By Cindy Williams
The day is all planned out: get to the gym, grab the groceries, put on the washing and sit down to write. Then the phone rings – a friend needs prayer or my mum wants to chat or the school sends my son home sick. I berate myself for not getting my writing done, or worse still I get irritated that I have to rush off to teach scripture class or that the women’s prayer group is taking too long. I have to write!
This has been my past week – the deadline for this post looming closer while my great idea on what to write flounders like a fish on the mud flats.
In desperation I flick through the photos of my recent ‘research’ trip to Israel and Samaria. One jumps out - a Roman milestone in the garden of the Tel Dor museum. I recall the words of Jesus: ‘If someone forces you to go one mile, go with him two miles.’ (Matt 5:41)
Milestones marked out every mile along the first century Roman roads. A Roman soldier could legally force a person to carry his pack for one mile. Imagine if you were on an urgent errand, had a field to plough or… a scroll to write. Suddenly you are forced to drop everything – so inconvenient, so annoying. And what does Jesus say; politely obey and get it over with quickly? No, he says go two miles!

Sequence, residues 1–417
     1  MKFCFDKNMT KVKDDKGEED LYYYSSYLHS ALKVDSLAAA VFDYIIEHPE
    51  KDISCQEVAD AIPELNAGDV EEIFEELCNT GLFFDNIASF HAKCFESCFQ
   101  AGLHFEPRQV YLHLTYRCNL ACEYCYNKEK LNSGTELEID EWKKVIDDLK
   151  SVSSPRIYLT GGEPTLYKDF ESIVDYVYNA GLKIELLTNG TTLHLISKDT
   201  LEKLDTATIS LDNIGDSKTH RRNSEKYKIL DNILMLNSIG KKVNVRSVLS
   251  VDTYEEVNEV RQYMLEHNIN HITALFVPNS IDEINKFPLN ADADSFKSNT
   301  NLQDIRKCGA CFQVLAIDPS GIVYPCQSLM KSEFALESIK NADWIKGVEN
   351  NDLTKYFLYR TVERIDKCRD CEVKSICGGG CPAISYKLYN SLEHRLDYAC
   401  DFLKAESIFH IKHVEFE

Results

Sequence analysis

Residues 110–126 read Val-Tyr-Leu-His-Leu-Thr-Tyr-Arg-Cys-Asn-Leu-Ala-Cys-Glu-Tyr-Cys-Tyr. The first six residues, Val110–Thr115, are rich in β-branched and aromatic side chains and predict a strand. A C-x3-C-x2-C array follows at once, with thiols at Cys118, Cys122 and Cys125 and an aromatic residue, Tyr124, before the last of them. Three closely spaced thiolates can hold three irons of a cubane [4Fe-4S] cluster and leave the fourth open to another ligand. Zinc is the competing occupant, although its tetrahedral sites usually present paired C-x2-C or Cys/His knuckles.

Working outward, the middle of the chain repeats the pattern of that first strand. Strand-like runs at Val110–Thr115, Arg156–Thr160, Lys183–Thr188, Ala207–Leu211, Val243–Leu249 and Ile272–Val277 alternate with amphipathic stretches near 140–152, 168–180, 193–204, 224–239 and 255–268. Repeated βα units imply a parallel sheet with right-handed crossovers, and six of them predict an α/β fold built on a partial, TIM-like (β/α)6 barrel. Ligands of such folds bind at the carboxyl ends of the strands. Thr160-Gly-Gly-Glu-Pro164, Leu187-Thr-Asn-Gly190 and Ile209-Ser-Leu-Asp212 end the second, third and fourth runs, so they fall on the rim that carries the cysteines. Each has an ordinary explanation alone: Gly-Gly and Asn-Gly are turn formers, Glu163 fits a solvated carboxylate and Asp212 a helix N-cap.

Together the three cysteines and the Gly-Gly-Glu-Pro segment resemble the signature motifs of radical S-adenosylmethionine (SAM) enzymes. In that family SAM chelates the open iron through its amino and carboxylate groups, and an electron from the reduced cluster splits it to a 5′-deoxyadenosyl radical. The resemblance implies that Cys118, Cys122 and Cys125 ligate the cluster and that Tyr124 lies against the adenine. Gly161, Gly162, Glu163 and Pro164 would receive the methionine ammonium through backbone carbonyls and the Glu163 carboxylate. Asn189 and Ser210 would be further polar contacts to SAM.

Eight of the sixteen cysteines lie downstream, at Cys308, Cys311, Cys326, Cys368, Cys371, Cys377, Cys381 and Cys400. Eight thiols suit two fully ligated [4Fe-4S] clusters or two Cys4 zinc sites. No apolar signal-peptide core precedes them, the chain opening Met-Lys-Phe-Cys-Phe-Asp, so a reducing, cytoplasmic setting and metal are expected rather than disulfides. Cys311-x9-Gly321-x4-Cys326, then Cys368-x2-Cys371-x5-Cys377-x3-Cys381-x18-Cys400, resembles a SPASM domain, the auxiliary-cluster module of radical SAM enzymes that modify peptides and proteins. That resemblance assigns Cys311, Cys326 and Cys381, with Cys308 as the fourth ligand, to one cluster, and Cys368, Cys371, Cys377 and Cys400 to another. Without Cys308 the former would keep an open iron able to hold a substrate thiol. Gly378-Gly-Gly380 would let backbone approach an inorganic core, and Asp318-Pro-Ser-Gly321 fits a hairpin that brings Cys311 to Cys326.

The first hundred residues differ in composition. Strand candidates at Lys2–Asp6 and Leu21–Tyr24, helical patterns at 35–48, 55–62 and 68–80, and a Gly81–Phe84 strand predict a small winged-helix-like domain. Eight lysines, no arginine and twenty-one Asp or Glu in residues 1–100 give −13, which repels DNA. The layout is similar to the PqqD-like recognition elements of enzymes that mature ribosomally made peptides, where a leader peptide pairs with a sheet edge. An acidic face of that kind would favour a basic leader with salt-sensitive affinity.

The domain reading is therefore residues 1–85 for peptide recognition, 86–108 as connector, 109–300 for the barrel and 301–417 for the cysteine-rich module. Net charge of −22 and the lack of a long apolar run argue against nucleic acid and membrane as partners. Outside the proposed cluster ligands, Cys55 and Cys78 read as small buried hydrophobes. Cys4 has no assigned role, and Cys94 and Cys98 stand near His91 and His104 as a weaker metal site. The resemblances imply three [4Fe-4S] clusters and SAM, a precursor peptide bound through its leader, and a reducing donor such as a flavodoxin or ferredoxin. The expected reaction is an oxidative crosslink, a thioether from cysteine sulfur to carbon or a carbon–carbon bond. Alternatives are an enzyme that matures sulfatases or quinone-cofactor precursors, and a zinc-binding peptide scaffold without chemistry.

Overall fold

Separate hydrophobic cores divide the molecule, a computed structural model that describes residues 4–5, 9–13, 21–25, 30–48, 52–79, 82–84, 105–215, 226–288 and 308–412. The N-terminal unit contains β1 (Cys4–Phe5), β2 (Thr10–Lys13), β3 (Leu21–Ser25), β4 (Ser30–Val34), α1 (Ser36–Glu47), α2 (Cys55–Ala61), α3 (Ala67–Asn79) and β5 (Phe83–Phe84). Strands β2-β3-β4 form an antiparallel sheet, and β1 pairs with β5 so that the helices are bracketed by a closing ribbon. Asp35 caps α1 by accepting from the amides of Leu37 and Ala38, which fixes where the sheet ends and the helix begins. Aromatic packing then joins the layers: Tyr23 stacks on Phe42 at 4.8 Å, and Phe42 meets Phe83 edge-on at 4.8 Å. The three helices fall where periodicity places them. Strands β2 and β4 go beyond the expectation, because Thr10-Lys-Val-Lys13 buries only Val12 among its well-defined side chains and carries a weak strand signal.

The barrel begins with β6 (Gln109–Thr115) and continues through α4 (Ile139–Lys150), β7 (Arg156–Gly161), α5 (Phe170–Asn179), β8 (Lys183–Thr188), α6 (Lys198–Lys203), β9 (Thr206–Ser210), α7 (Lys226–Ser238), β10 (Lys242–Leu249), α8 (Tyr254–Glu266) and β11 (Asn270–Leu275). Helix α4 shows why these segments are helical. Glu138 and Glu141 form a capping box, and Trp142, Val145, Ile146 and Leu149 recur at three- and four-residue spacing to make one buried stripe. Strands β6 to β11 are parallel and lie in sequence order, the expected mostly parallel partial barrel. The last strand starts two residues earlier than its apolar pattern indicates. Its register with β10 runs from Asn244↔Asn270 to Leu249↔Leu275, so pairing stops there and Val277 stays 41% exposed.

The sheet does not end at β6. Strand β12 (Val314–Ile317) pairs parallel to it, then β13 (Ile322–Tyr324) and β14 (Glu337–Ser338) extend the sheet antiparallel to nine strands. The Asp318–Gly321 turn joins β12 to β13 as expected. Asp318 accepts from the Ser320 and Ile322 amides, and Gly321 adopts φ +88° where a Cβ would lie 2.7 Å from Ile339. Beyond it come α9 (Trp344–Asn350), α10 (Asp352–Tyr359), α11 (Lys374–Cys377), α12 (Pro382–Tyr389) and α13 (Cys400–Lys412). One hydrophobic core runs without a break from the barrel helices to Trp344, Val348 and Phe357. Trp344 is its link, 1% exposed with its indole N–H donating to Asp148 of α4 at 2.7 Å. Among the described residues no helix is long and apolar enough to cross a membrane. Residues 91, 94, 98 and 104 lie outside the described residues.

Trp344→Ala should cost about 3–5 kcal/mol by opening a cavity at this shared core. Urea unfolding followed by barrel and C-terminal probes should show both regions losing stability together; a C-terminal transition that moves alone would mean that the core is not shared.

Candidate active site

It is not the forced first mile that sets us apart as followers of Jesus; it is the voluntary, purposeful second mile.
When the needs of others disrupt my plans and force me to stop writing it is not an inconvenience or a source of stress that I am not doing what I should be doing. No, it is an opportunity to show the radical, counter-cultural love of Jesus. It is exactly what I should be doing and just as, if not more, of a ministry than my writing. What freedom this change of perspective has brought to me this week.
Can anyone else relate?
About Cindy Williams
Her first novel, The Pounamu Prophecy, was short listed for the 2016 Caleb Prize.
She writes a blog - www.nutritionchic.com - stories of health, history, food and faraway places.
Cindy grew up in a culturally rich part of New Zealand, singing the songs and hearing the stories of Maori.
She lives in Sydney with her husband and son, writing stories of flawed women who battle injustice... and sometimes find romance.